I’ve regularly noted that our challenges in the speculative half-cycle since 2009 were a failure of neither our measures of valuation, nor our measures of market internals. Instead, they were the inadvertent result of my 2009 insistence on stress-testing our market return/risk classification methods against Depression-era data. The resulting methods validated much of what we had developed in post-war data, but also boosted our reliance on a particular historical regularity: in market cycles across history, extreme “overvalued, overbought, overbullish” syndromes had regularly been followed by steep market losses. The sheer novelty of quantitative easing and zero interest rate policy turned that regularity into an Achilles Heel, as relentlessly aggressive (I’d even say deranged) monetary easing encouraged investors to speculate even after those extreme syndromes repeatedly emerged. We adapted in 2014, but not soon enough to rescue this half-cycle, and not so nimbly to be of much benefit during the extended top-formation of a still-wickedly hypervalued market. See Portfolio Strategy and the Iron Laws for additional discussion.
With regard to near-term conditions, we’ve seen some improvement among interest-sensitive sectors, but deterioration in broad equity market participation, which is something of a wash. Treasury yields have retreated and the yield-curve has narrowed, which is consistent with an increase in concerns about economic growth. At this point, though, we don’t have recession warning signals in place, and the breakdown in the correlation between survey-based measures of economic activity and actual subsequent output and employment leaves investors flying with less visibility than usual at this point in the economic cycle (see Echo Chamber).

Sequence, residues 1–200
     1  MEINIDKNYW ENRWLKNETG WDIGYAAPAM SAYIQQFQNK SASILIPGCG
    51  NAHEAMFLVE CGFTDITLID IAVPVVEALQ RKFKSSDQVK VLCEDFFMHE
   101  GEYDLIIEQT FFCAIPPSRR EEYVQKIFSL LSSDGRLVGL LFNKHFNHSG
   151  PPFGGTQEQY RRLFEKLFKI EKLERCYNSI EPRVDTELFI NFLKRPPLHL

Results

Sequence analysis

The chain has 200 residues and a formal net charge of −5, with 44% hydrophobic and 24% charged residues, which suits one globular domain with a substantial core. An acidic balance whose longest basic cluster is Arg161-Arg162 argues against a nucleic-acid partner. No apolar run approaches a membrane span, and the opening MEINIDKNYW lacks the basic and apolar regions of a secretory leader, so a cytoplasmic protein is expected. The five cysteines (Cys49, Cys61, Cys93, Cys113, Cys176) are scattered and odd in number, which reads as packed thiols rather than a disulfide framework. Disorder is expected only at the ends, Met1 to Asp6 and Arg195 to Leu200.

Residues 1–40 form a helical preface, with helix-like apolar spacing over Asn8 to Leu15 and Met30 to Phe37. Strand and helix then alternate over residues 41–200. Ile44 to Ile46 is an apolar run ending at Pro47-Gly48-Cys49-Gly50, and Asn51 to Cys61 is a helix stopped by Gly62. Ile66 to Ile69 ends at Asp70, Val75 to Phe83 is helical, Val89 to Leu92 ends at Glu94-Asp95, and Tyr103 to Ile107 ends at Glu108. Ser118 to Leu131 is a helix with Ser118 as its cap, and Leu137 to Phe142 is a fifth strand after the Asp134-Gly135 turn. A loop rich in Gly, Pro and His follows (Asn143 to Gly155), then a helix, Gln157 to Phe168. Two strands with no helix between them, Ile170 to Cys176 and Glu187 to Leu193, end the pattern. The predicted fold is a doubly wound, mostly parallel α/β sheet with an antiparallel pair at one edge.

My sense is that credit spreads deserve close attention here, as widening credit spreads would be the strongest confirmation that the retreat in Treasury yields provides meaningful information about economic prospects. Normally, data from purchasing managers surveys would also be an important focus, but again, these have been weakly correlated with economic outcomes and strongly related to stock market sentiment of late. Instead, confirmation about the trajectory of the economy will likely come from closely coincident measures of actual economic activity, such as industrial production, real sales, and real personal income.
In any event, investors should emphatically not rely or wait on evidence of economic risk as a prerequisite for examining their equity market risk. Remember that the average bear market erases more than half of the preceding bull market gain, and the complete market cycle is enormously forgiving to investors who reduce their risk exposure at rich valuations. At the very least, investors should carefully ensure that their investment positions are consistent with their actual investment horizon and risk-tolerance. That said, investors who cannot tolerate the idea of missing out on a potential market advance, even at offensively high valuations, probably should not read my stuff.
Again, even for passive investors, take care to ensure that your exposure to stocks is consistent with your actual risk tolerance and investment horizon. In particular, I continue to believe that passive investors should set their exposure so that they would be capable of weathering a 40-60% loss in the S&P 500 over the completion of the present market cycle, and 12-year S&P 500 total returns averaging less than 1% annually, without abandoning their discipline in the interim.
The foregoing comments represent the general investment analysis and economic views of the Advisor, and are provided solely for the purpose of information, instruction and discourse. Please see periodic remarks on the Fund Notes and Commentary page for discussion relating specifically to the Hussman Funds and the investment positions of the Funds.